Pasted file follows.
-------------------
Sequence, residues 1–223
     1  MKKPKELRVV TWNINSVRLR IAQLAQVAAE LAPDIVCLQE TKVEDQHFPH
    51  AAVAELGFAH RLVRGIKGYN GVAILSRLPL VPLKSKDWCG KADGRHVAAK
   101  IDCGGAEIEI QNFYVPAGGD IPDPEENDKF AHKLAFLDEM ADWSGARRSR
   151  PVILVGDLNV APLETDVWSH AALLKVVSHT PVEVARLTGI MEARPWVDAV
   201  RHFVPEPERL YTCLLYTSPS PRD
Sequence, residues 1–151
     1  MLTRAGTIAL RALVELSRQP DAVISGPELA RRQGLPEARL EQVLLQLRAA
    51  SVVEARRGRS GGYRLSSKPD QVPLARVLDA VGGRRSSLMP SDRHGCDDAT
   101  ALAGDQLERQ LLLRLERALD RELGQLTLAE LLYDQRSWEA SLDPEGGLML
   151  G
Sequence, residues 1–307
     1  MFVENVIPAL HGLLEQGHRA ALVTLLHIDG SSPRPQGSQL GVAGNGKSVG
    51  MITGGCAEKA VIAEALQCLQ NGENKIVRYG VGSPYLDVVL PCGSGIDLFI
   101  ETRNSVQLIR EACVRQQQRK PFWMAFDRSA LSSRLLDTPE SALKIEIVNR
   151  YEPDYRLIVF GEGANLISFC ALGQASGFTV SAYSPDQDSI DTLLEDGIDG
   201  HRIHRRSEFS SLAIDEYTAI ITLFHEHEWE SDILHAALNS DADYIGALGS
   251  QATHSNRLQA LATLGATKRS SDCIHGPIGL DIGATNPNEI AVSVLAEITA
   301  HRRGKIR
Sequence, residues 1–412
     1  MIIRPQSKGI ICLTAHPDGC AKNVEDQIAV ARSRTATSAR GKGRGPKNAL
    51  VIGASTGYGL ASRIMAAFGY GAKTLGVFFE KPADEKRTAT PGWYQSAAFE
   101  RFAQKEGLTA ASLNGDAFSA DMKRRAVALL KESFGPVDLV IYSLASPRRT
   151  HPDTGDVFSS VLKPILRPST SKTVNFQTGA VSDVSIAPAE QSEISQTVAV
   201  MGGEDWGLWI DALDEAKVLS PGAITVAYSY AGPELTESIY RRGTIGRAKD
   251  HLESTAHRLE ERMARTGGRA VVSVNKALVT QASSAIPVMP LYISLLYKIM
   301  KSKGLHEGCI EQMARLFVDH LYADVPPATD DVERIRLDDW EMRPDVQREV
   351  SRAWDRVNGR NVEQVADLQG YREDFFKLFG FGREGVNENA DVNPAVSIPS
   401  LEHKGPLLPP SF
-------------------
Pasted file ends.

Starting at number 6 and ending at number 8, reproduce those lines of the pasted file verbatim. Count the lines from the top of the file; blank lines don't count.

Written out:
   201  RHFVPEPERL YTCLLYTSPS PRD
Sequence, residues 1–151
     1  MLTRAGTIAL RALVELSRQP DAVISGPELA RRQGLPEARL EQVLLQLRAA